Starting Second Life

So, I’ll be honest. Second Life has always kind of weirded me out. I mean that in no disrespect to people that use, it’s just not my thing. That being said, I went into the experience with as much of an open mind as possible seeing as it was for research and not for personal use.

From an ethnographic standpoint, Second Life is actually very interesting to me. I have to say, the whole concept of it is pretty fascinating. Although I chose an avatar pretty similar to me, you can really live a whole separate “life” as whoever you want to be. People go shopping, get married, have kids. Everything you can do in the real world. Everything. There are even tons of different subcultures (some of those I discovered pretty quickly as I went into an entire spanish speaking area). The reading even referenced $1,000,000 of economic activity everyday.. What I was perhaps most interested to learn is that Linden Lab does nothing more than provide the basic elements- land, sky, and a few building blocks. Everything else is built by the people that use it. Similar to the real world (although humans can’t fly… dang it). So in essence Linden Lab plays a bit of a God-like role, no?

While I found it interesting that the author addressed the term “real life” and “virtual world” as implying technology makes life less real, I still am concerned with where the lines blur. My interest lies in how those using this program are impacted in what I consider the “real world.” For example, are you cheating on your husband if you marry someone in Second Life? How does that impact your relationship? And what is the appeal is. Although I’m sure it varies from person to person, is this to be used as an escape from a (perhaps troubling) real life?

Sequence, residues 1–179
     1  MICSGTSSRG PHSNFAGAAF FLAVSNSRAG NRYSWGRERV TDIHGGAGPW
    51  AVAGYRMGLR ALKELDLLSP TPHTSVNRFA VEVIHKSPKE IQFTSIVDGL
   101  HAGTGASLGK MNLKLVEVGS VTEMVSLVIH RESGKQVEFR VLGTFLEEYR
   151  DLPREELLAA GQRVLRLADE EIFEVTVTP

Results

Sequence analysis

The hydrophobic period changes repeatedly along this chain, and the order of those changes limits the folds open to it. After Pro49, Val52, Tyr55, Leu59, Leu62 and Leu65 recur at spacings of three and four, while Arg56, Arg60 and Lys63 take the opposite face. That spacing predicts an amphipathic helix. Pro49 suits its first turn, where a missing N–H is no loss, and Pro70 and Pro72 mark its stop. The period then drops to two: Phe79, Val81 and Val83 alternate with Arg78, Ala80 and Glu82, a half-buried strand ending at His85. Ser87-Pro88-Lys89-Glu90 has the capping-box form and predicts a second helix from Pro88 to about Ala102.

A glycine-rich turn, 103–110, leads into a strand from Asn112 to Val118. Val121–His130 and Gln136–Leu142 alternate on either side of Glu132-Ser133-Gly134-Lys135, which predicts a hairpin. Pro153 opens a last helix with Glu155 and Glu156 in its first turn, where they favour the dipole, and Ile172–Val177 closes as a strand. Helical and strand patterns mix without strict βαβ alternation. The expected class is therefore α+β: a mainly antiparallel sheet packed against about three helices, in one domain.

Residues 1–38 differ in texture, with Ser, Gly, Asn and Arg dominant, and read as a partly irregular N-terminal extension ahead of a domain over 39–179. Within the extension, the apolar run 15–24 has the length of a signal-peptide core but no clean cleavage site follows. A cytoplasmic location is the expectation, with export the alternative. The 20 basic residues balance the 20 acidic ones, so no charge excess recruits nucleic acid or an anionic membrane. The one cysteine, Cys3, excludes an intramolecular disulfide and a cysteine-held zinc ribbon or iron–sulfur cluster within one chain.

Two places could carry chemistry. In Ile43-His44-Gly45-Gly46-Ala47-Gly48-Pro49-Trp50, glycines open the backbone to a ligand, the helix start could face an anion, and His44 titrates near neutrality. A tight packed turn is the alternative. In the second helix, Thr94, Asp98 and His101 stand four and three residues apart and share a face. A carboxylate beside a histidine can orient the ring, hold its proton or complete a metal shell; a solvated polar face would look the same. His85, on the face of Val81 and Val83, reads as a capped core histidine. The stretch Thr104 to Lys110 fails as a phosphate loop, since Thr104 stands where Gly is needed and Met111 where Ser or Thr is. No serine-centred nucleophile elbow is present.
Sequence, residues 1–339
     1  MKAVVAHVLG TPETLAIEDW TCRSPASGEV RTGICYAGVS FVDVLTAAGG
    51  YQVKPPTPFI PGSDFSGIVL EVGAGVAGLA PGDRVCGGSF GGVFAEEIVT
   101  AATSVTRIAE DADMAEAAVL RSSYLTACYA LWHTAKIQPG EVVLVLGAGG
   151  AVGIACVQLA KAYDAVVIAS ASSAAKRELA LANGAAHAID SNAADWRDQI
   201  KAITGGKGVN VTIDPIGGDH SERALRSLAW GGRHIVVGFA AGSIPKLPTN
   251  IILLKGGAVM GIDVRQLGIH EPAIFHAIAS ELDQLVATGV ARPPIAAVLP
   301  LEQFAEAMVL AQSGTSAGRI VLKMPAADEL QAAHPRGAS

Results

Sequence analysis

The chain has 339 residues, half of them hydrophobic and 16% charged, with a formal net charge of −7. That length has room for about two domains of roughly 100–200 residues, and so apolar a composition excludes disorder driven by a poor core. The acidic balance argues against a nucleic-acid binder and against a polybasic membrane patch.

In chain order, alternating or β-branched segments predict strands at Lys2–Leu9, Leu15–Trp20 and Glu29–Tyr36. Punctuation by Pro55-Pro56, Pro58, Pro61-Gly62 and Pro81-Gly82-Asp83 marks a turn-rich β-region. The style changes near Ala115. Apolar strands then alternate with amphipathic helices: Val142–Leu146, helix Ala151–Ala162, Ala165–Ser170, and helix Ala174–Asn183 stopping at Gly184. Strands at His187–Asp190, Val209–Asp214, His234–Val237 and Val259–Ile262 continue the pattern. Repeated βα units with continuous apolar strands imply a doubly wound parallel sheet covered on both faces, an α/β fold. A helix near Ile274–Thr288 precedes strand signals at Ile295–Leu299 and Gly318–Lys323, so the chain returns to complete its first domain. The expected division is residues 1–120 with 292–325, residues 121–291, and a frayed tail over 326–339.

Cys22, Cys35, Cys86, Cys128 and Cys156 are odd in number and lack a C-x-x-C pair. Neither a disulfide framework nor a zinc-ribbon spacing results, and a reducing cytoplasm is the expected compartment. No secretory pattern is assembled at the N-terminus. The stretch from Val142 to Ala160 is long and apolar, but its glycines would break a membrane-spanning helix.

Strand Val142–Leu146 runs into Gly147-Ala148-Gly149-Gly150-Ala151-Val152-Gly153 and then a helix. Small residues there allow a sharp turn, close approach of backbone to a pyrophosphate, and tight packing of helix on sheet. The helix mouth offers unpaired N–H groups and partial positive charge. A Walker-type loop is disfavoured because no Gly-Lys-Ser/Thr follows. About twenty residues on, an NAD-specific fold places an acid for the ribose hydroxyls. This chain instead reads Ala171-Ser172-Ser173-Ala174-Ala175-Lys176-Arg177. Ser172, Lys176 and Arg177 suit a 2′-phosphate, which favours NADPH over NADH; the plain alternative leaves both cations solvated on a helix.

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8 Responses to Starting Second Life

  1. That’s the issue it hit for me. Sure, you can have a full second life, but then you lose that time in the real world. Or a marriage in there might impact the real world marriage. I guess the problem is, you really only have so much time, for one life.

  2. alanyskpl says:

    I agree on your views on Second Life. My view was also how it could potentially affect your “real life.” I would be greatly upset if my future husband spent more time with his Second Life “wife” and “kids” than me. Could people potentially fall in love with a virtual avatar? The thought itself creeps me out. From a research standpoint, it was very interesting to me too that Linden Lab charges for the “premium account” almost as if your buying another life.

    • Emily Davis says:

      Yes, agreed on the wife and kids point. I might feel differently if the person was unmarried and had no children, but I’m not sure that you can experience real love with an avatar.

  3. I’m glad you pointed out the Linden Lab-God role, and also the economic activity. I was amazed that there are people with full-time jobs from virtual-cum-actual ventures, and more amazed that people are putting so much time and money toward their second lives, when my first life is definitely enough for me. (I would have loved to be a fly on the wall when you found the Spanish-speaking area. Oh, wait, maybe I was…..)

    • Emily Davis says:

      Ha, yes, I’m pretty sure someone was yelling at me in spanish and I couldn’t figure out how to get out of the room. It was a stressful moment. Also- glad I’m not the only one that considered the God role.

  4. I like what Chris said, Second Life is fine, just like playing video games and doing other things leisurely is good and great, but I don’t even have time to watch TV so it’s hard for me to relate to. I can see if someone lived by themselves and HAD a lot of spare time, then… hey, why not? but I think you’d feel more fulfilled by redirecting your own life.

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